A 50 year-old fight on the right between the Republicans and the conservatives has broken out again over who is right, what is right and how it all fits together or falls apart. Don't think for a moment that this isn't for real and isn't historic because it is, just as it was between Goldwater and Rockefeller, Reagan and Ford and Reagan and Bush.
These fights were not only ideological, they were cultural as well. Just as they are now. Indeed, Ronald Reagan made it his business in 1977 to take on the "country club, corporate board room" image of the GOP. In that speech, he said the GOP should be the party of the individual and not the group.
This is the essential, serious difference between Republicans and conservatives.
Conservatives are loyal to principles centered on the dignity and privacy of the individual, while Republicans herd together, not for reasons of philosophy but for power and the comfort of the group. Party allegiance gives them their identity. It defines them and, hence, they do not shrink from engaging in personal attacks on conservatives because they see any criticism of them as personal.
Thus, the two sides will never really get along. Like the Delta and Omega fraternities in the movie "Animal House." Because Republicans are Omegas and conservatives are Deltas.
I've written around this subject before, but given the current fight, it seemed appropriate (and fun!) to dust off this old theory of mine.
Can anyone who knew or understood Ronald Reagan see him in the Omega House?
Hell no. Reagan was Delta all the way. On the other hand, can anyone see George H.W. Bush in the Delta House? Heavens, no. Even W. with his reputation was really the bad boy in the good boy house rather than the good boy in the bad boy house.
Delta House was based on individuality and freedom, challenging the established order: the essential elements of American conservatism. Wasn't it Otter who made an impassioned defense of freedom and patriotism?
Omega was autocratic and establishmentarian, with a false projection of Utopianism. Barack Obama, Bill Clinton and the Bushes would have fit right in. They knew the rules did not apply to them, but they applied to everyone else. Power flowed downward. Same with Mitt Romney. He looked at conservatives like they were only there to pick up his dirty tennis shorts. No wonder many conservatives saw the election of 2012 as a choice between Tweedledee and Tweedledumb.
Now, this is not a hard and fast rule, but it is a pretty good guideline. Yes, I know some will say "what about the religious right?" But, as any of us sinners knows, the church isn't just for saints. The religious right guys and gals would have been with us, if only to save us from ourselves. Or they would have been "independents," coming to our parties on Saturday, in their pews on Sunday. Guilty pleasure? You bet. This is also the fusionism of the "Social Right" and the "Sociable Right," which conservative theoretician Frank Meyer and others constructed as the basis for American conservatism in the 1950's.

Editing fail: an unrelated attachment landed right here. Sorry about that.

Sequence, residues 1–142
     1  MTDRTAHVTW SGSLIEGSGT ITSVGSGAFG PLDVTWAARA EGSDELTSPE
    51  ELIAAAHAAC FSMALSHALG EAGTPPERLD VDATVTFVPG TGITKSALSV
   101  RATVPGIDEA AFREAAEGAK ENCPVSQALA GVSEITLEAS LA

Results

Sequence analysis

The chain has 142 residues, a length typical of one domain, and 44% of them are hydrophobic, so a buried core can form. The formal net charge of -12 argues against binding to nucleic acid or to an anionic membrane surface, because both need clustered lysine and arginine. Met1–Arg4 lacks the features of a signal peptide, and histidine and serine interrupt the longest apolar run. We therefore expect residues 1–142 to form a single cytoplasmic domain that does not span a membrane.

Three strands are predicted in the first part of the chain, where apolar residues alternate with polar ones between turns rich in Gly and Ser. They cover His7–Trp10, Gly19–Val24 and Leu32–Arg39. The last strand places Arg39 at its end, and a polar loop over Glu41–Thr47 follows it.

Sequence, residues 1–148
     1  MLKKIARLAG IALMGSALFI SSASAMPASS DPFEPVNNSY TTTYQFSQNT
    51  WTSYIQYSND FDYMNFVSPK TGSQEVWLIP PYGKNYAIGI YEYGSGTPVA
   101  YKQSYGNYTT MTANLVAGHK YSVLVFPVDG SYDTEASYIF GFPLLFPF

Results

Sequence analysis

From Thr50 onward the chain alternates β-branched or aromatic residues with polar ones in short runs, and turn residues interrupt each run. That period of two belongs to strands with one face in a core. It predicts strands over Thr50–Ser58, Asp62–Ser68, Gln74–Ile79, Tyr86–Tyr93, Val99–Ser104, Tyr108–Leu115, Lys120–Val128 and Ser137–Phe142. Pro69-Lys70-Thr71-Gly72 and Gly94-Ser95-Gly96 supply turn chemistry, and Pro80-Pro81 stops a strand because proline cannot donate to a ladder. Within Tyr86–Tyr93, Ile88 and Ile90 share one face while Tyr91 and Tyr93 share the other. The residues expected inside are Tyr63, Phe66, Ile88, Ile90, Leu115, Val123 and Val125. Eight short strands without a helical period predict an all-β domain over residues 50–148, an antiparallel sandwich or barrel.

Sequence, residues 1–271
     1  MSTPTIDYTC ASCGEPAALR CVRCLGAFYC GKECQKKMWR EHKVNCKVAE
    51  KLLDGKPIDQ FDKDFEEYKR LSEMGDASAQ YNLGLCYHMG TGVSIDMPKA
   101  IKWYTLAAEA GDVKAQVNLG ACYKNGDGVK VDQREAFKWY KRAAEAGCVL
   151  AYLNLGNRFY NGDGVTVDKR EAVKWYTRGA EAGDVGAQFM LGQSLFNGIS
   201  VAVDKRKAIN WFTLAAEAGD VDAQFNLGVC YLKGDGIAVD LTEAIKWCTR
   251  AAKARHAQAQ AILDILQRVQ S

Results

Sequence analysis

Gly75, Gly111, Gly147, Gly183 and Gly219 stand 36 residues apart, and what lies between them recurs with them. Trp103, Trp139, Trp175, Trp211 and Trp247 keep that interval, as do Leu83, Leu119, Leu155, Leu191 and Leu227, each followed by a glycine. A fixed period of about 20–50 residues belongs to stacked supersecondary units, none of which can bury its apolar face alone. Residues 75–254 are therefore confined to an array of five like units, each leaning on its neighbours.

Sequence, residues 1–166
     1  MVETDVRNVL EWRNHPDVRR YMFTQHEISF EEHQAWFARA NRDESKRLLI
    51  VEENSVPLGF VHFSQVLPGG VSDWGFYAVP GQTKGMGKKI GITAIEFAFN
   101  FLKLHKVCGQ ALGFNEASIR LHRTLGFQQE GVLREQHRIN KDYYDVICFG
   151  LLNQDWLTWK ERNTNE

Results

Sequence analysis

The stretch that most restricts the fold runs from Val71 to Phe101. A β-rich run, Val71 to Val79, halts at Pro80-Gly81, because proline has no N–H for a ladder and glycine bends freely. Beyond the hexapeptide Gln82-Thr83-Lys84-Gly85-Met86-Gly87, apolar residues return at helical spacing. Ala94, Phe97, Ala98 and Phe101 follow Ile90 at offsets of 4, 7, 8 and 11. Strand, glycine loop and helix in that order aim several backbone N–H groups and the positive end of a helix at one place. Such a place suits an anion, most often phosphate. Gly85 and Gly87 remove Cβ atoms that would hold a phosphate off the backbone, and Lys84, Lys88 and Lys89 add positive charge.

Can anybody imagine Karl Rove or Stephen J. Law in Delta House? I don't think so. In fact, most of the Bushies I've observed are pretty uptight. Come to think of it, both Rove and Omega House President Greg Marmalard worked for Nixon.
Indeed, establishmentarians are more concerned about what others think of them, rather than what they think of themselves. Think Dan Quayle or Dick Darman, John Sununu or Don Rumsfeld.
Is there anyone who doesn't think Bill Buckley, Barry Goldwater or most of the conservatives and Reaganites I can think of would not have been in Delta House? Same with Ed Meese, Lyn Nofziger, Roger Stone, John Heubusch, Mike Deaver (who used to play a piano in a honky-tonk) Kenny Klinge, Brent Bozell, Bob Tyrrell, Andrew Breitbart, Ed Rollins, Bill Bennett or a thousand other freedom-loving individualists.
Peggy Noonan, Michele Davis, Kellyanne Conway, Laura Ingraham and most of the women I knew from the Reagan campaigns, Reagan White House and the conservative movement would have come to our parties and not gone to the Omega parties.
And can anyone imagine Senator John Blutarsky as anything other than a libertarian Republican? I don't think so.
Toga on Delta.
Edero ego Omega.